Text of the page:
Roper gives county COVID-19 update

By Jason Evans
Staff Reporter

COUNTY — The leading cause of death in the United States last week was COVID-19, acting Pickens County administrator Ken Roper said.

“It wasn’t heart disease,” he said during a Facebook Live update Monday morning. “It wasn’t cancer. It wasn’t suicide. It wasn’t automobile accidents. It wasn’t homicide. It wasn’t drug overdoses. It was COVID-19. That tells you how serious this is.”

Gov. Henry McMaster’s executive order issued Sunday basically keeps his previous stay-at-home order and other orders “active for 15 more days,” Roper said.

“He renewed the order,” he said. “It’s now active through April 27.”

As of Monday afternoon, Pickens County has had 31 confirmed cases of the virus, including three new cases announced Monday.

“That number’s ticked up a little bit from over the weekend,” Roper said.

Roper said DHEC reported that 18 of the most recent positive “active, potentially communicable” cases were within the last 14 days.

“DHEC estimates — and I don’t know how they measure this — but they estimate that 172 cases are out there that we don’t know about in Pickens County, so a grand total … of 200 total cases,” he said.

DHEC updates its numbers daily, and the most recent numbers were unavailable at press time Tuesday.

But with the number of potential cases across the county in mind, Roper encouraged residents to “behave accordingly.”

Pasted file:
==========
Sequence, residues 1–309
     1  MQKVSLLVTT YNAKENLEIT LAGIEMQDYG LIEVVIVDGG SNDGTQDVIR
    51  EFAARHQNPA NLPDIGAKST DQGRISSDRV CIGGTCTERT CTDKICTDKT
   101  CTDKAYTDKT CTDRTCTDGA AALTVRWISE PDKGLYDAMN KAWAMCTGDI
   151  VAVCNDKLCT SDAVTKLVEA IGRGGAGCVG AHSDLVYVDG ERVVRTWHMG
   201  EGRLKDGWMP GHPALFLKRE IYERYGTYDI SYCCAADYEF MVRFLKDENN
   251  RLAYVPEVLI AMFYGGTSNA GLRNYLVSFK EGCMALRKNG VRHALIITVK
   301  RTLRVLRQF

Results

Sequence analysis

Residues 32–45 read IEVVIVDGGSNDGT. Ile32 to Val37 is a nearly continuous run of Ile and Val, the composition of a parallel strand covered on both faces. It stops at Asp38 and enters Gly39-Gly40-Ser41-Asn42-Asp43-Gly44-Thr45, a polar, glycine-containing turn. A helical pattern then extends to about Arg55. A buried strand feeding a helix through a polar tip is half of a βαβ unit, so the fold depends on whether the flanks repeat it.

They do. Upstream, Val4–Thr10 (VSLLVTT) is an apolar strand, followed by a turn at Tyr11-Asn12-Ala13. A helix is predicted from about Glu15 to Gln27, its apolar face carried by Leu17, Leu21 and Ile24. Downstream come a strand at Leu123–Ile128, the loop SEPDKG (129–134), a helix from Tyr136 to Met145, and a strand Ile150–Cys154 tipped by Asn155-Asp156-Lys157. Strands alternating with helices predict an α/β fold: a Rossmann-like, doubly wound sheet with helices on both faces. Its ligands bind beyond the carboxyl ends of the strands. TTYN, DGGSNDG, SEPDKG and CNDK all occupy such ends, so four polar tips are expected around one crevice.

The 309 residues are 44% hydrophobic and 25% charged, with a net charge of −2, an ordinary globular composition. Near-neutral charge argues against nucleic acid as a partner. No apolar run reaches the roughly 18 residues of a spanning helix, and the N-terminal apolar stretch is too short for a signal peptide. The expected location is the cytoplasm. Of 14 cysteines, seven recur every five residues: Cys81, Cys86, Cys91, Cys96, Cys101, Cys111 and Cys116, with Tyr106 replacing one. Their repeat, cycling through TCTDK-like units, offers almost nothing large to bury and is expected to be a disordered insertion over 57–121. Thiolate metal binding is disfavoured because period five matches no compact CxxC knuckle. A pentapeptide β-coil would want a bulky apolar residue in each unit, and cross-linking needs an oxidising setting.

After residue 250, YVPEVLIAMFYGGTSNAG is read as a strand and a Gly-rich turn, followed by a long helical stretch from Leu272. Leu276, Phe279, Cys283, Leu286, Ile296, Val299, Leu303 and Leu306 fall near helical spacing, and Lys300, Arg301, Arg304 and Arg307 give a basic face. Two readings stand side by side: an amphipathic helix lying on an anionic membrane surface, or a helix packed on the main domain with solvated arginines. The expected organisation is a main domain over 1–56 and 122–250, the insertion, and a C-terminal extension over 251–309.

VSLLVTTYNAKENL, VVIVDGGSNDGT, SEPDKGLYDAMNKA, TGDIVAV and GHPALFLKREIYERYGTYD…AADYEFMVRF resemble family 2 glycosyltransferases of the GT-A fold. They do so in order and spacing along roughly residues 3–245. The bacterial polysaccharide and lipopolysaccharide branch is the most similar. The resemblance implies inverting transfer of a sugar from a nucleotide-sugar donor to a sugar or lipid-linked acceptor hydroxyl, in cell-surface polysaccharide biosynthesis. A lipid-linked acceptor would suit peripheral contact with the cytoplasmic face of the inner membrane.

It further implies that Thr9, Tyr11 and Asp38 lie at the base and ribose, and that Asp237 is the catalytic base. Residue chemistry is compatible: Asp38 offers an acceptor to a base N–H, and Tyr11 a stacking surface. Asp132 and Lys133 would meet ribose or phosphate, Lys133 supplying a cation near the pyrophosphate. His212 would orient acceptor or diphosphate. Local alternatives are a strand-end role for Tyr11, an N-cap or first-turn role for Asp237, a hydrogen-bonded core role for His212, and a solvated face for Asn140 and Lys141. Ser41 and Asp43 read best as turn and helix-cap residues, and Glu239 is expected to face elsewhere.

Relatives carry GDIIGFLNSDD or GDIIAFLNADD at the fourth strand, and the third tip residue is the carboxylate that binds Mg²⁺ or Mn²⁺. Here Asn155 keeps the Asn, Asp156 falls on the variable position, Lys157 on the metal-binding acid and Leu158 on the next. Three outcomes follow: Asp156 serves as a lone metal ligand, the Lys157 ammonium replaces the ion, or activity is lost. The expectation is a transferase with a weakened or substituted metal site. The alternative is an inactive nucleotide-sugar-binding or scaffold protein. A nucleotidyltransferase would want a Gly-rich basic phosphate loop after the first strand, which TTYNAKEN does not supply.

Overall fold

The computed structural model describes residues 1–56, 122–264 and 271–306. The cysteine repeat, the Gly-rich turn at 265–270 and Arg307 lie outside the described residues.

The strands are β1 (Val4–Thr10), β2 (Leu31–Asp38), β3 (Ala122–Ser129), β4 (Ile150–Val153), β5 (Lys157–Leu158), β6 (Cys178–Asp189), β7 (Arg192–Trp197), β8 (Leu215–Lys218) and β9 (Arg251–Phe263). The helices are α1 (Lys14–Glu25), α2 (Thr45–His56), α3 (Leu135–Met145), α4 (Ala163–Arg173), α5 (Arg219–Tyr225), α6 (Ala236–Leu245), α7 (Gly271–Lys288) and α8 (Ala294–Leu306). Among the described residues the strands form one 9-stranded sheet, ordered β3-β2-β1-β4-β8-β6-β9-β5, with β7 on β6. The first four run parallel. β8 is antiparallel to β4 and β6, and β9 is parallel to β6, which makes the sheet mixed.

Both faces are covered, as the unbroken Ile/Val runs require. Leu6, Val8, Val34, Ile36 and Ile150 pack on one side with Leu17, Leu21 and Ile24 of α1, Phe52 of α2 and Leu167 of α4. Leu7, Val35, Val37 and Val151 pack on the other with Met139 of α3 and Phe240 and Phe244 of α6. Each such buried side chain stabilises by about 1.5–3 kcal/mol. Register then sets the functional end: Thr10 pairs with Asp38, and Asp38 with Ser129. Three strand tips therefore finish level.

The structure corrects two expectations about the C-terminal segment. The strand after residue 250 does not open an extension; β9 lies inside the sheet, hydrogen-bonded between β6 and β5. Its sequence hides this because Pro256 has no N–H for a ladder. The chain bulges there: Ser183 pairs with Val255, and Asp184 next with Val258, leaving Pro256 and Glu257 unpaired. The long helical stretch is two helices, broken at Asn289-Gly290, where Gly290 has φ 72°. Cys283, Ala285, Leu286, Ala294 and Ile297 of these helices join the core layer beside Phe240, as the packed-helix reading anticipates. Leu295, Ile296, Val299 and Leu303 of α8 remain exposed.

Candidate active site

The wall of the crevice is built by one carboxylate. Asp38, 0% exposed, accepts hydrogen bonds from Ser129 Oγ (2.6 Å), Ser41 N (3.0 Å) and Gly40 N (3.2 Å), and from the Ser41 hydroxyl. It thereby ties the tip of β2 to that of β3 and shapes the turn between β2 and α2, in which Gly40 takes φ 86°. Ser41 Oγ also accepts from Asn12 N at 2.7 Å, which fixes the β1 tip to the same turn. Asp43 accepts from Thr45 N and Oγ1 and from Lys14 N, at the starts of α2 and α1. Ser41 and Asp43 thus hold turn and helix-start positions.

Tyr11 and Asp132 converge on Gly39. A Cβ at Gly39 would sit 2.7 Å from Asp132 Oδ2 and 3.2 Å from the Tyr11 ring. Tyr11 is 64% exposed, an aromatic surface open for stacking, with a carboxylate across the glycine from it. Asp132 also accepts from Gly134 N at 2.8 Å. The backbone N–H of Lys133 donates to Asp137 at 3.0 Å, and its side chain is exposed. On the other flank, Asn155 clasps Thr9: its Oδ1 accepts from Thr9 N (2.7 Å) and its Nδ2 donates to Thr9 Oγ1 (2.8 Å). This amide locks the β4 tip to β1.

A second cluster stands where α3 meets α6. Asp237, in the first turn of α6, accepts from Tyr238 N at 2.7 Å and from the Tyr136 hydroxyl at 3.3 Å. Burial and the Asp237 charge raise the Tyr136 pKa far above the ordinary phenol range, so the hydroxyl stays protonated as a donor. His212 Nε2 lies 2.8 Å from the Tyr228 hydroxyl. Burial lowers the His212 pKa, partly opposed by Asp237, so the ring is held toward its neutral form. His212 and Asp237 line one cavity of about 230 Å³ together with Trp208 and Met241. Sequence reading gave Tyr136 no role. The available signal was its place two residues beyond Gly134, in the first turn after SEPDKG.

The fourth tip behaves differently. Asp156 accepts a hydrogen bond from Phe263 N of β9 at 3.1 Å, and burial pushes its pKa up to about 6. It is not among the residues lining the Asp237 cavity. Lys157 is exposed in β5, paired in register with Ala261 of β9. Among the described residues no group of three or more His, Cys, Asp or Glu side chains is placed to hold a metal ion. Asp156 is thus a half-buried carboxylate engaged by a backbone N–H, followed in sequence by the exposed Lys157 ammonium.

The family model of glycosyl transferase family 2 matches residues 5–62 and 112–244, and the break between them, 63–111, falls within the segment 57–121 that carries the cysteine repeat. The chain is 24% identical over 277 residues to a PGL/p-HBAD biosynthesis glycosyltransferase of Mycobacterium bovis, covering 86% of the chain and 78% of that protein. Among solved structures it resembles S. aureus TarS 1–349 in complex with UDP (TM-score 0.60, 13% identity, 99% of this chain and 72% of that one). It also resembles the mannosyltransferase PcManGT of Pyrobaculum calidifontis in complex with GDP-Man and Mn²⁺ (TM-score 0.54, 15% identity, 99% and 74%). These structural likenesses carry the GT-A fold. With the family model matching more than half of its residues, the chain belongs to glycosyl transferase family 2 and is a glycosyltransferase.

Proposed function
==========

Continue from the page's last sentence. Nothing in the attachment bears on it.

“Use social distance,” he said. “Stay home.”

All of the zip codes in Pickens County have had positive cases except for 29685, according to DHEC.

“But I’ll tell you that DHEC estimates there are six to eight in 29685 that we don’t know about, so everywhere in the county you should be trying to practice good social distancing, washing your hands, keeping your masks, that sort of thing,” Roper said.

As of Sunday, there had been 82 deaths in South Carolina as a result of COVID-19, Roper said.

“That’s 82 deaths out of 3,319 positive cases,” Roper said. “Keep those families, those communities in your thoughts and prayers.”

Those number grew to 87 and 3,439 in the latest figures released Monday by state officials, and were expected to increase even more on Tuesday.

Hospital capacity within Pickens County remains good, Roper said.

Schools may be closed, but Pickens County’s grade on social distancing is nothing to be proud of, he said.

Roper said the county’s grade on staying at home during the COVID-19 pandemic, as measured by the website Unacast, fell to a D-plus.

“Pickens County over the weekend fell from a B back to a D-plus,” he said. “We traveled a lot this weekend, folks.”

Staying at home is “very important,” he said.

“We’re hoping this thing will pass,” Roper said. “We’ll do what we can to stem the tide and we won’t have any fatalities here in Pickens County related to this, we hope. But we’re prepared and we expect that we might get bad news and will have to respond accordingly.”

If you need a phone screening to determine if you have COVID-related symptoms and need to seek medical attention, call (864) 725-4200.

Laid-off workers in South Carolina should contact SC Worklink at 220-8990 or, according to Roper.

“There’s numerous thousands of new jobless claims just in Pickens County,” he said.